Show Me the Parks - Page 3
|Land of Hidden Worlds: Zion National Park (PhotoDisc)|
|The Road to Nowhere: California's Death Valley (PhotoDisc)|
Day 6: Bryce Canyon to Zion National Park (86 Miles)
Backtrack slightly today and head south toward Mount Carmel Junction and the jewel of Utah parks, Zion (435.772.3256; www.nps.gov/zion). Red-rock monoliths rise 2,500 feet above Zion Canyon, which is a half-mile wide at its entrance and narrows to only 300 feet at its end eight miles later. Along the way, the Virgin River cuts a path through the park leading to hidden trails, waterfalls, and improbable hanging gardens tucked into damp, cave-like grottoes. Along with sightseeing by car, activities among this astonishing geological paradise include hiking, biking, rock climbing, canyoneering, swimming, or fishing.
Watchman Campground (800.365.2267; www.nps.gov/zion/pphtml/camping.html), inside the national park, is a good base for hikes and bike rides, though with no showers and limited facilities. No problem. The town of Springdale, offering full services, is only 0.5 miles away.
Days 7-8: Zion to Death Valley National Park (300 Miles)
It's a daylong drive from Zion to Death Valley, out of Utah and across Nevada into the eastern edge of California. Once into this forbidding landscape, stop at Furnace Creek for an overview of the 3.4-million-acre park. It's truly a land of extremes: Elevations range from 282 feet below sea level to 11,049 feet. Since summer temperatures routinely top 120 degrees Fahrenheit, most visitors unsurprisingly come between October and April to hike, golf (yes, call it extreme links!), bike, or ride horses.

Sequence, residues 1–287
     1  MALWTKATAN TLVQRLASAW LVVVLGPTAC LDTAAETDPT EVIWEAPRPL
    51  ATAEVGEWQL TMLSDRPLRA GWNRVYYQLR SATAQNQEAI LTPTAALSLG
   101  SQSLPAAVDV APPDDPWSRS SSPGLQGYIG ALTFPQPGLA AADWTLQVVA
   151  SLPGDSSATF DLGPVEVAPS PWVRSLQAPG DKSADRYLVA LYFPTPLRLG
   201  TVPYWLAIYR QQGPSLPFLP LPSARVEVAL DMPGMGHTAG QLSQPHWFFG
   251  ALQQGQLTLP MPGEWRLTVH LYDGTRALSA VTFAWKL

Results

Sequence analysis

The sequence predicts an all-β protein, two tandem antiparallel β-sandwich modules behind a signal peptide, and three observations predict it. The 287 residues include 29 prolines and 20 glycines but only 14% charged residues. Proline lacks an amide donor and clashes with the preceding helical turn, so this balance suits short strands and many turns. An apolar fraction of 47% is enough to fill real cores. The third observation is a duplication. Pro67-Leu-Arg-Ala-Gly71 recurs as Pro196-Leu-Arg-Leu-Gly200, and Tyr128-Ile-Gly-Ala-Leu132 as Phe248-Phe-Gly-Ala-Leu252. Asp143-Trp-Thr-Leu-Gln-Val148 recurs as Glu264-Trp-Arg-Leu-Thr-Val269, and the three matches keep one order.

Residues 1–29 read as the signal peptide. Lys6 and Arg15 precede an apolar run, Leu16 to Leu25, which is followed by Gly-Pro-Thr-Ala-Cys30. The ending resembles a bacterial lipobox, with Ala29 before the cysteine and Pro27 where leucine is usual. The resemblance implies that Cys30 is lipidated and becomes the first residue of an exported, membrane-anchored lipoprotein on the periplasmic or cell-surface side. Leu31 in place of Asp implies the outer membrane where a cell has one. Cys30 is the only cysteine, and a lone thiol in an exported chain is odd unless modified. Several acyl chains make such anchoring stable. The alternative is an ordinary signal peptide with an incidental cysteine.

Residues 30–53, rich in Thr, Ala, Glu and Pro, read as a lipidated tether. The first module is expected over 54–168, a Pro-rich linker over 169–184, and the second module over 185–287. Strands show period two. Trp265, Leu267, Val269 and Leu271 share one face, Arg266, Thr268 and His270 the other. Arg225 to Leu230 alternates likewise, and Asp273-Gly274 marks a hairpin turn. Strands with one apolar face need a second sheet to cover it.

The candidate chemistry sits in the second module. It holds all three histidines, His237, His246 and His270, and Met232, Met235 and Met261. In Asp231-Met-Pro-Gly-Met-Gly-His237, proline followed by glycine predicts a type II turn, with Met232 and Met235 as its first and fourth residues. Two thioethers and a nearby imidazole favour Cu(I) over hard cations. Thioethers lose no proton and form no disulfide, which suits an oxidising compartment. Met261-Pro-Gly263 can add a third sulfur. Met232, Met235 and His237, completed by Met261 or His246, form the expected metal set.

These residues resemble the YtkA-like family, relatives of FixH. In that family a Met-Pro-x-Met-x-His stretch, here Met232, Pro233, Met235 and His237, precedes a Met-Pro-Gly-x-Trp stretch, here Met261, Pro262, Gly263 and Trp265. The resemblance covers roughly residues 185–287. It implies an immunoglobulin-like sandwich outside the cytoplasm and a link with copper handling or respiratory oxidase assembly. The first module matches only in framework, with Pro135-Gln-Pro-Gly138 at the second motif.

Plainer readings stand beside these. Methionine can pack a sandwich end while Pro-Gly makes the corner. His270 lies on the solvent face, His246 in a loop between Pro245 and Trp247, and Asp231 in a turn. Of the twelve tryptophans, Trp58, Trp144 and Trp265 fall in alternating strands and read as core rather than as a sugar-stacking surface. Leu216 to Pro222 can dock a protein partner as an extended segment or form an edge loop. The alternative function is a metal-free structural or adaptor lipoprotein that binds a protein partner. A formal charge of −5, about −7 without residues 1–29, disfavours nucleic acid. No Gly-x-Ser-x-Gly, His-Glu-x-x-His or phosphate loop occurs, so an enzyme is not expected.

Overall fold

Death Valley (760.786.3200; www.nps.gov/deva) is immense and largely empty, save one terrific hotel and restaurant, the Furnace Creek Inn (760.786.2345; www.furnacecreekresort.com), and several camping areas. Camping at either Furnace Creek or Sunset campgrounds (800.365.2267; www.nps.gov/deva/pphtml/camping.html) situated near the hotel provides you with a compromise. You'll be parked on a large, flat, characterless pad along with many others, but you will be close to restaurants, groceries, gas, propane, golf, horseback rides, and the park highlights.
Day 9: Death Valley to Las Vegas (144 Miles)
Complete the loop by returning east to Las Vegas, though not before stopping at nearby Red Rock Canyon (www.redrockcanyonlv.org), perhaps Las Vegas' finest natural attraction. Located 17 miles west of the city, Red Rock Canyon contains 197,000 acres of contrasting layers of sandstone and limestone geology. Hiking or driving a scenic loop here will provide a memorable summary of the high desert lands you've just visited as well as a last natural respite before your return to the glitz, the glam, and the games of Sin City.